About the author

Eric Gordy is senior lecturer in southeast European studies at the School of Slavonic and East European Studies (SSEES) at University College, London. His books include The Culture of Power in Serbia: Nationalism and the Destruction of Alternatives (Pennsylvania State University Press, 1999), and (forthcoming) Postwar Guilt and Responsibility: Serbia and the Future of International Justice. His articles include "Confronting the Past in Serbia: Discussion, Opportunities and Obstacles", in Wolfgang Petritsch et al eds., Serbia Matters: Domestic Reforms and European Integration (Nomos, 2009); "Ugliness and Distance", in Adam Jones ed., Evoking Genocide: Scholars and Activists Describe the Works that Shaped their Lives (Key Press, 2009); and (with Jasna Dragović-Soso) "Coming to Terms With the Past: Transitional Justice and Reconciliation in the Former Yugoslavia", in Dejan Djokic & James Ker-Lindsay eds., New Perspectives on Yugoslavia: Key Issues and Controversies (Routledge, 2011)

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Eric Gordy, The Culture of Power in Serbia: Nationalism and the Destruction of Alternatives (Penn State University Press, 1999)

 

Dejan Djokic & James Ker-Lindsay eds., New Perspectives on Yugoslavia (Routledge, 2011)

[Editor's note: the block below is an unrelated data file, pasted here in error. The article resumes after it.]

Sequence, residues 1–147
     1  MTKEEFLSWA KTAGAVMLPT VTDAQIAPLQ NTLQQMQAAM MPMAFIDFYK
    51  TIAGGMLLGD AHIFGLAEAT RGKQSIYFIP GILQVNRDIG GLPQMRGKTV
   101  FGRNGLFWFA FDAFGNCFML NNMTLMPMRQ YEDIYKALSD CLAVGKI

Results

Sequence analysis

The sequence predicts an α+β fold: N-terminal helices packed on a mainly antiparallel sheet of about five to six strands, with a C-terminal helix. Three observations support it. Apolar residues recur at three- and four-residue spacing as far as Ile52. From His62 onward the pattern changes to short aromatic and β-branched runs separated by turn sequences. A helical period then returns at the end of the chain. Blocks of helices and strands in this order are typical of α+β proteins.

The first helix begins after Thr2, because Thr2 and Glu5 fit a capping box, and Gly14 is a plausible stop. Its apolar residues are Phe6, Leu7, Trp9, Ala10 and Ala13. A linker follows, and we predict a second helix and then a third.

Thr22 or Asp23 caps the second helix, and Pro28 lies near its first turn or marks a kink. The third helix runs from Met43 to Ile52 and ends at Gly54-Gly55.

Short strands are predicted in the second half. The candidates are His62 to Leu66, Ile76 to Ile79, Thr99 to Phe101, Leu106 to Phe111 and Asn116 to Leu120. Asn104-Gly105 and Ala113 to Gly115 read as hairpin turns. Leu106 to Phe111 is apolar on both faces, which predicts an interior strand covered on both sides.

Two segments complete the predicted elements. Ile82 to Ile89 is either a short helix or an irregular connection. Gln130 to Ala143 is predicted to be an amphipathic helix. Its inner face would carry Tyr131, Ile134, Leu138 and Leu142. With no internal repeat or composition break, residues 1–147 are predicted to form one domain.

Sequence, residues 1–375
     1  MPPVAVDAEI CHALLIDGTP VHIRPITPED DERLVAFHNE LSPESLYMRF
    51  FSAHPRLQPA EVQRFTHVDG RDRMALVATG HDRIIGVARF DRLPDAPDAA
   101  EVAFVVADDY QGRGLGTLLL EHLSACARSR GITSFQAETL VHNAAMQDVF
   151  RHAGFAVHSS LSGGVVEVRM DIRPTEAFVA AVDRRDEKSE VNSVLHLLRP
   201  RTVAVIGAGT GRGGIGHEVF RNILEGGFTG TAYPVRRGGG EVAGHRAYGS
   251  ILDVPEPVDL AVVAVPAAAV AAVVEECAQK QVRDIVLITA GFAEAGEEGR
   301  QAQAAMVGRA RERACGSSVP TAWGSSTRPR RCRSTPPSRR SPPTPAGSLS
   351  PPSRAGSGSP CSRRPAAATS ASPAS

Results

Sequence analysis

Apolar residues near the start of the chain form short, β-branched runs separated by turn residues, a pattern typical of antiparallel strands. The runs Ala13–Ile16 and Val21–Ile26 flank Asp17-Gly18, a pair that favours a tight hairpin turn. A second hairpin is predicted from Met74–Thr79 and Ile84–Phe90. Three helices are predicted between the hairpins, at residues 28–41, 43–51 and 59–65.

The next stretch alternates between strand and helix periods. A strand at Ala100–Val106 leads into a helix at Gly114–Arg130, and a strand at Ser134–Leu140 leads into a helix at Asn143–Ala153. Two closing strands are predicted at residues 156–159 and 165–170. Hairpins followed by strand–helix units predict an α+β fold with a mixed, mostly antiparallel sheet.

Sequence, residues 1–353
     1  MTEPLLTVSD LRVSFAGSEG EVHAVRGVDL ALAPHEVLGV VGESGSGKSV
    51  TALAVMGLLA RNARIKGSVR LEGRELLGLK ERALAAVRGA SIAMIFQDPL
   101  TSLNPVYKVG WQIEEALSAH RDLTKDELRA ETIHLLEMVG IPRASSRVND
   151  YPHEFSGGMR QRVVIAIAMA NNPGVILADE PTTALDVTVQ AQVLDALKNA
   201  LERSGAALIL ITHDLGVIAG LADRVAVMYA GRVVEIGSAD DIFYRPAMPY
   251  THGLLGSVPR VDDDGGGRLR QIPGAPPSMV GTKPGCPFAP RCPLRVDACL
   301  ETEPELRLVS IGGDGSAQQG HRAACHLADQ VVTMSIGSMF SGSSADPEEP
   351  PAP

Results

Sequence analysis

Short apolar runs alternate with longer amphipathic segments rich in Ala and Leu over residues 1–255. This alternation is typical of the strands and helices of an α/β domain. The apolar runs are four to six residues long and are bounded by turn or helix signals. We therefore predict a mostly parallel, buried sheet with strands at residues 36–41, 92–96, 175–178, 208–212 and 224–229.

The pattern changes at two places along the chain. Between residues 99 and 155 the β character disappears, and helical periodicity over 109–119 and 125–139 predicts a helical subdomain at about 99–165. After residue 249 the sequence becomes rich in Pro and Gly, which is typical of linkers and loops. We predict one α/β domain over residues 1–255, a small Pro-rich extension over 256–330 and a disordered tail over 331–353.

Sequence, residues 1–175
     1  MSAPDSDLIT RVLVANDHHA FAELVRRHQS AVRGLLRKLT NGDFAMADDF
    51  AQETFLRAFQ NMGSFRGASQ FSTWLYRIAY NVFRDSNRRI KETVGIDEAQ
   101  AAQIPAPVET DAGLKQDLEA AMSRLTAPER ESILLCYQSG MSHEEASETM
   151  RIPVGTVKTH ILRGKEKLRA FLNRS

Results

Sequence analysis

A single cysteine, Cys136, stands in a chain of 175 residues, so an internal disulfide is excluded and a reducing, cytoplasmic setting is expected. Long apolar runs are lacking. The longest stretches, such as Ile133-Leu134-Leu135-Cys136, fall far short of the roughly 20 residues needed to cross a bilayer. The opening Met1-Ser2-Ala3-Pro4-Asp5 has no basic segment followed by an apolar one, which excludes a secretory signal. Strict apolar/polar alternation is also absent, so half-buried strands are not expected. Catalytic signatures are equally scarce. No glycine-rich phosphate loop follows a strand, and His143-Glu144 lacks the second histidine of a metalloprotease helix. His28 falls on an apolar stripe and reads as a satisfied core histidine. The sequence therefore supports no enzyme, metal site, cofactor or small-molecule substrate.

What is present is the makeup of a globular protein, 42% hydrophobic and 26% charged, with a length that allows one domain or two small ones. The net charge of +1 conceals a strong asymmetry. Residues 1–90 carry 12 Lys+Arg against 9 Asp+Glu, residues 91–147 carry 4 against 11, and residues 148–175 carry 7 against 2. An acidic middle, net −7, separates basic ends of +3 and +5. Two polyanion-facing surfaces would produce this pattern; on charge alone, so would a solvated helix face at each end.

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Eric Gordy is senior lecturer in southeast European studies at the School of Slavonic and East European Studies (SSEES ) at University College, London. His books include The Culture of Power in Serbia: Nationalism and the Destruction of Alternatives (Pennsylvania State University Press, 1999), and (forthcoming) Postwar Guilt and Responsibility: Serbia and the Future of International Justice. His articles include "Confronting the Past in Serbia: Discussion, Opportunities and Obstacles", in Wolfgang Petritsch et al eds., Serbia Matters: Domestic Reforms and European Integration (Nomos, 2009); "Ugliness and Distance", in Adam Jones ed., Evoking Genocide: Scholars and Activists Describe the Works that Shaped their Lives (Key Press, 2009); and (with Jasna Dragović-Soso) "Coming to Terms With the Past: Transitional Justice and Reconciliation in the Former Yugoslavia", in Dejan Djokic & James Ker-Lindsay eds., New Perspectives on Yugoslavia: Key Issues and Controversies (Routledge, 2011)